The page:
Write a short (3-4 page) original essay that examines some aspect of any work we have read this semester.  This is not a research paper; instead, it should be your own thoughts and insights into the work, with one exception: begin the essay with a "prompt"--an excerpt from a critical article or a book review that addresses the same topic you want to write about.  In other words, you're going to read a few secondary sources until you find an aspect of the writer's work that a critic or scholar has already commented on, and then use that to prompt your own ideas.  By the way, the prompt doesn't need to be about your specific writer; it can be about writing in general.  Examples:


[your title]
 Black Speech as Poetry in the Stories of Tony Cade Bambara

[your prompt]
"Miss Bambara writes with a marvelous vitality; her style, which draws its bite and verve from everyday black speech, comes close to poetry." 
--Anne Tyler, "Farewell to the Story as Imperiled Species," 
in The National Observer, 9 May 1977, pp 3-4.
[your intro]
The stories in Toni Cade Bambara's collection Gorilla, My Love are usually narrated by one of the characters, and typically those narrations follow the conventions of Black American English.  The sentences are rhythmical, there is use of repetition and figurative language, and in places, even rhyme.  Indeed, though the works are prose, the language is at times more like poetry. . . .


[your title]
"This is a True Story":
Art & Truth in The Things They Carried

[your prompt]
"Literature is invention.  Fiction is fiction.  To call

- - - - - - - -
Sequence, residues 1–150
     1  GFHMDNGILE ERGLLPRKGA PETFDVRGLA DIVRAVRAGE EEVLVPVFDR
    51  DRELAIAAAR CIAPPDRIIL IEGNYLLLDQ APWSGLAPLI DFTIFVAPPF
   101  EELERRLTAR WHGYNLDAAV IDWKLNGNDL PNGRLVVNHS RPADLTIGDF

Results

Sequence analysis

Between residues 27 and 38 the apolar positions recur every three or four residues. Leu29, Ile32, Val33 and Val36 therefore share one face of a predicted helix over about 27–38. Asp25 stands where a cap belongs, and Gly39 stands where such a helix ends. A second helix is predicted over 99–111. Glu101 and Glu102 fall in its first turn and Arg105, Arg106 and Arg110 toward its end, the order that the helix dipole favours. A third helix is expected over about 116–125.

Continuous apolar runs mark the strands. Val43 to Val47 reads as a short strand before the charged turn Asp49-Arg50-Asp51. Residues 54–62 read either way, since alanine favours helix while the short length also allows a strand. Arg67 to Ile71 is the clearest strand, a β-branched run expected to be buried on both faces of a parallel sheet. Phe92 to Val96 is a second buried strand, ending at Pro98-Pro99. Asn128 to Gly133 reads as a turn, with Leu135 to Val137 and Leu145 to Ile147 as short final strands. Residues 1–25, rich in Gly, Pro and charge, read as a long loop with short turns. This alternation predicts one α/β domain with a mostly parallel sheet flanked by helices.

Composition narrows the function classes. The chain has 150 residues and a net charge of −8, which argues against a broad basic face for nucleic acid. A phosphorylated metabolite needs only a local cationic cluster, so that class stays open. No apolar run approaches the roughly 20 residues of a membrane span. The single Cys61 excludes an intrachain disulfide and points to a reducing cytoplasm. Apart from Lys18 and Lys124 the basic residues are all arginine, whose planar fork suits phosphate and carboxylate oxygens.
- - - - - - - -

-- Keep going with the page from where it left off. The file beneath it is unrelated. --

a story a true story is an insult to both art and truth. 
Every great writer is a great deceiver. . . ."

--Vladimir Nabokov, Lectures on Literature
Harcourt, p. 5.

[your intro]
Picasso is reported to have said that "Art is a lie that helps us see the truth."  But what are we to make of a fiction writer who admits not that he is lying, but rather claims--in a book that is ostensibly fiction--that he is telling the truth?  For readers of Tim O'Brien, this question strikes at the heart of one of the key themes of The Things They Carried. . . .

Developing Your Essay

An essay has three parts, as you know: intro, body, conclusion.

The intro can do several things, but the least it must do is (1) identify the author and title of the work youíre discussing, and (2) include a thesis (what is this paper going to be about?  The reader should know by the end of the intro).

The body will develop the ideas of the intro by using specific examples from the story, stories, or novel you're writing about.  Give plenty of examples (see "Quoting" below).

In a paper this short, a summary conclusion is a waste.  Your reader (me) doesn't need to be reminded of what he just read.  Instead of summarizing, save something good for the end--an interesting thought, a definitive statement, a strong quote from the text, or a comment on the prompt (return to the beginning).  It helps some writers to write the conclusion first.  Try it, if you get stuck.  (By the way, it also helps some writers to write the body before the intro, and save the intro for last.  Do what works for you).


Two rules: (1) the best way to support your assertions is to quote directly from the text, and (2) don't overquote!

These rules may seem contradictory.  They're not.  Regarding (2), summarize and paraphrase often; quote only the most vivid language.  That's especially true for block quotes (long quotes); they should be avoided in such a short paper unless absolutely necessary, and even then, quote judiciously--use ellipsis and partial quotes; quote only what you need.